Firstly, what the heck even is gluten? Here’s a little explanation:
According to the Celiac Disease Foundation, “gluten is a general name for the proteins found in wheat, rye, barley and triticale. Gluten helps foods maintain their shape, acting as a glue that holds food together. Gluten can be found in many types of foods, even ones that would not be expected.”
Now that we’ve gotten that out of the way, let’s have a look at what foods are gluten-free:
- Fruits and vegetables: these are all gluten-free, however, be aware of packaged fruit and vegetables in sauces because a lot of sauces contain gluten. Also, a lot of people get confused over potatoes, but all potatoes are gluten-free.
- Meat and seafood: most meat and seafood are gluten-free, but beware of crumbed meat, stuffing and again, sauces, as these will most likely contain gluten. A lot of packaged meat you find at the supermarket now actually state whether they are gluten-free.
- Dairy products: this includes milk, evaporated milk, condensed milk, butter, margarine, real cheese (always check the labels and from my own experience, be cautious of grated and processed cheese), plain yoghurt, as well as most ice-creams and some custards and soy milks.
- Grains and grain-like plants: these include corn, plain rice (all types: white, brown, basmati etc.), amaranth, buckwheat, arrowroot, buckwheat, cassava, flax, millet, quinoa, sorghum, soy, tapioca, teff, polenta and psyllium.
- Flours: this includes flours made from the GF grains listed above, potato, nuts, beans and coconut. You’re best making sure that the packaging is labeled gluten-free.
- Bread, cakes and biscuits: corn cakes, corn tortillas, corn taco shells, rice crackers, rice crispbread, most papadums (but double check the ingredient list, especially at restaurants- I was ‘glutened’ the other week due to this!) as well as packaged breads, cakes and biscuits that are all labeled as gluten-free.
- Pasta and noodles: including 100% rice, corn, buckwheat, mungbean and quinoa pasta, as well as specifically made gluten-free pasta. As for noodles, you have the option of rice noodles, rice/bean vermicelli and 100% buckwheat noodles.
- Condiments: this includes nut butters, tahini, jam, honey, maple syrup, agave syrup, golden syrup, cocoa, cacao, vinegar (EXCEPT malt), oil (olive, sunflower, vegetable, canola, peanut, sesame, rice bran, coconut). There are also some sauces, salad dressing and tomato pastes that are gluten free, but NOT all, so read the ingredients list or look for a gluten-free label.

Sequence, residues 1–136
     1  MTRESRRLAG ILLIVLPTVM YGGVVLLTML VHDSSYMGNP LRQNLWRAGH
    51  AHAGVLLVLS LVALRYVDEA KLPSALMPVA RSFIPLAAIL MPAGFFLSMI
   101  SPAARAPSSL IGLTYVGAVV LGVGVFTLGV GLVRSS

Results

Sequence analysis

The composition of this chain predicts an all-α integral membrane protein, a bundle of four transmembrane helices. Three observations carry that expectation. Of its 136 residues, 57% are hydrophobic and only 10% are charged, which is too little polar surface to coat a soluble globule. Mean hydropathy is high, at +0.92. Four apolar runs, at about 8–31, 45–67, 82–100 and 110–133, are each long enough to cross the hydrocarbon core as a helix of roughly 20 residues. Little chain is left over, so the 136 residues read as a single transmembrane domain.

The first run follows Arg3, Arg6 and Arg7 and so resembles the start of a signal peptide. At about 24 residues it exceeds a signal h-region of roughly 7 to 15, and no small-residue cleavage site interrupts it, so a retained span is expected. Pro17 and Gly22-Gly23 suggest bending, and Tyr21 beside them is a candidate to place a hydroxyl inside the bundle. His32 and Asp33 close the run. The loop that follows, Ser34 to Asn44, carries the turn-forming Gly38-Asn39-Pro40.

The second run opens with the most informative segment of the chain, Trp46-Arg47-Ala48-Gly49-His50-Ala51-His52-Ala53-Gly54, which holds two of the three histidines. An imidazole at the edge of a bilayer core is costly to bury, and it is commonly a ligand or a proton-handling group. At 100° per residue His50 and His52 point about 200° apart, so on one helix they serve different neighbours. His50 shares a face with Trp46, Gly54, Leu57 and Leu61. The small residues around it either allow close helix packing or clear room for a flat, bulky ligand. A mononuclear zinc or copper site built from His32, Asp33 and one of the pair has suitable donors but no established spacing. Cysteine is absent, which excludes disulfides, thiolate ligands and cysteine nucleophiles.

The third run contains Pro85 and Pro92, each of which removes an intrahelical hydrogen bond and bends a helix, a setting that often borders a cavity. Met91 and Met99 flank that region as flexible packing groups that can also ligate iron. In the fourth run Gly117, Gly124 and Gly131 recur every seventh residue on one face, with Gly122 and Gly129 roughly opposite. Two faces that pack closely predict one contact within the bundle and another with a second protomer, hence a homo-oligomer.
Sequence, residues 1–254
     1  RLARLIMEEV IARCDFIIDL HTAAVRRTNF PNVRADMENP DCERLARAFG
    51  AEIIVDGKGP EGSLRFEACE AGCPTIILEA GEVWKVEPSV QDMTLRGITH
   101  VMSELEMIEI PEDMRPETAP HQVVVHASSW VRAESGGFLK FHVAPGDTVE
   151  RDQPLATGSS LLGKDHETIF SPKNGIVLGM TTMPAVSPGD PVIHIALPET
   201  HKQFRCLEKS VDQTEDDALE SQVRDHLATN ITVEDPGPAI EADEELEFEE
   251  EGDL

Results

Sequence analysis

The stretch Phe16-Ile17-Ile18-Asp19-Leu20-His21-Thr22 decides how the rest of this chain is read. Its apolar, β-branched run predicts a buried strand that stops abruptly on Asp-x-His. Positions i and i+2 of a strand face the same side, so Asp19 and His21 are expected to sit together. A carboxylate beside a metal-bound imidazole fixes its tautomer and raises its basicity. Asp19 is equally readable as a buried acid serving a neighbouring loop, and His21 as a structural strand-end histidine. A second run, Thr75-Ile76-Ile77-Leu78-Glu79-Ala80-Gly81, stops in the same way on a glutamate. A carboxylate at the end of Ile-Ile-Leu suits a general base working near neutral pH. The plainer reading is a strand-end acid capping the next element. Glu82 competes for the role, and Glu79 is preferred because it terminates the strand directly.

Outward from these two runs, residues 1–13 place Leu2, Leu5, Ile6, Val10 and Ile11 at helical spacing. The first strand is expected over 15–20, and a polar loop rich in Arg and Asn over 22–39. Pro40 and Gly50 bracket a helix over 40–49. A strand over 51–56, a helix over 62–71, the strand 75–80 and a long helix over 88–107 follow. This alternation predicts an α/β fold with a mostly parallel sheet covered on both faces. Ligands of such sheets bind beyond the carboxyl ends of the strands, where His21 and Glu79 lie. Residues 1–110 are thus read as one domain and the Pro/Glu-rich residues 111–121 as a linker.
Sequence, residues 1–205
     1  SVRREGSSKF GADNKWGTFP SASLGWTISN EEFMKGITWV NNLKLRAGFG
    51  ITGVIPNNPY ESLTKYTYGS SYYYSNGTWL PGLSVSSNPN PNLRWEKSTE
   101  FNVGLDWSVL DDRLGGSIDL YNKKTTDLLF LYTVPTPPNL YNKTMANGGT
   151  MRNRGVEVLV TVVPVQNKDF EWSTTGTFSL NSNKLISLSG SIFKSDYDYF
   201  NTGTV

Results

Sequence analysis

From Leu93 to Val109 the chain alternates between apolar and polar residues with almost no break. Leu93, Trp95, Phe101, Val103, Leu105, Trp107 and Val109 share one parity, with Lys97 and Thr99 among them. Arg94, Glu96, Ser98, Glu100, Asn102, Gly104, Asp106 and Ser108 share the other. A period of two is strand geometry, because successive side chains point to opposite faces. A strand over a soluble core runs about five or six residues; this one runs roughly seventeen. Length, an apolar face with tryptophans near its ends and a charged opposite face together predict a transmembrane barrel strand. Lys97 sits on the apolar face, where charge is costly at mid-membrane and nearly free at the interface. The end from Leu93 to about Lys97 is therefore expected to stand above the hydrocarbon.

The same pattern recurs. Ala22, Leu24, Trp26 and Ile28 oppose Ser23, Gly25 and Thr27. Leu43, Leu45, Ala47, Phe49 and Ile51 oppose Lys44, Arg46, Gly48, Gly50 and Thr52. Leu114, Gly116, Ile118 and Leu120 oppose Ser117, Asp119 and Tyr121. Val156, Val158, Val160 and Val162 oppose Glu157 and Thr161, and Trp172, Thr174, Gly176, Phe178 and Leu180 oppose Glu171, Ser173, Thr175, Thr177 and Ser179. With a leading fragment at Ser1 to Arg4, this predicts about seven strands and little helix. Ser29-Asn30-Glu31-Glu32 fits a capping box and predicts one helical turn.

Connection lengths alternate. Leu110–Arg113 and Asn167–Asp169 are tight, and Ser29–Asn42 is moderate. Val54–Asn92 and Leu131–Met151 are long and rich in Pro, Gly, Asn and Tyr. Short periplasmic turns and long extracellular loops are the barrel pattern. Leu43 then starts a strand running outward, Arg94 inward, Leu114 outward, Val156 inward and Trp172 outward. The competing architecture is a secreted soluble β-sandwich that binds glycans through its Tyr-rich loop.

- Nuts, beans and legumes: these are all gluten free, just be careful of any that are in sauces or have added seasonings.
- Snacks: plain chips, plain corn chips, unflavoured popcorn, popcorn kernels and some plain chocolate.
- Drinks: mineral water, tea, coffee, some juices and iced teas and distilled alcoholic beverages (the distillation effectively removes the gluten).
- Other: herbs, spices, salt, pepper and sugar. Be wary of seasonings and seasoning mixes.
- Common gluten-free ingredients: glucose syrup, maltodextrin, dextrose, lecithin, maltodextrin, corn starch, potato starch, tapioca starch, food starch (EXCEPT when it states that it is from wheat), acid (citric, lactic or malic), sucrose, dextrose, lactose, guar and xanthan gums, vanilla extract and colourings (unless it states it is made from wheat).
Due to the fact that coeliac disease and gluten intolerances and allergies have become more common, there is an increasing supply in commercially prepared gluten-free products. Some of these items are breakfast cereals, bread, wraps, pizza bases, pasta, biscuits, cake mixes, breadcrumbs, pasta, pastries, snack bars and beer.
There are a few ingredients that are gluten-free even if it states it is derived from wheat because they are so highly processed. These are maltodextrin from wheat, caramel colour from wheat, dextrose from wheat and wheat glucose syrup (it may also be worded as ‘glucose syrup from wheat’).
Oats are another tricky and very controversial food in the gluten-free world. They don’t technically contain gluten but they are subjected to cross-contamination by gluten-containing grains. It is for this reason why most mainstream commercial oats are not gluten-free, unless otherwise stated of course. So to be able to consume oats, you have to make sure they have been specially processed to avoid cross-contamination.
Interestingly, research has shown that oats contain a protein called avenin, which has been found to cause a gluten-like reaction to some people with coeliac disease. In my personal opinion, I believe it’s best to avoid oats if you have coeliac disease or any gluten intolerances or allergies.
Lastly, ALWAYS check the labels of foods and drinks very carefully. Sometimes gluten can be hiding in the most unlikely products. If you are new to a gluten-free diet, don’t worry – although it seems confusing now and you may accidentally ‘gluten’ yourself along the way (I’ve been gluten-free for 5 years now and I occasionally make mistakes!), it does get easier. Soon enough it will become second-nature 🙂
Stay tuned for more ‘gluten-free’ posts from yours truly x
P.S. If you haven’t already seen it, check out my post Getting the Facts Straight About Gluten-Free Diets!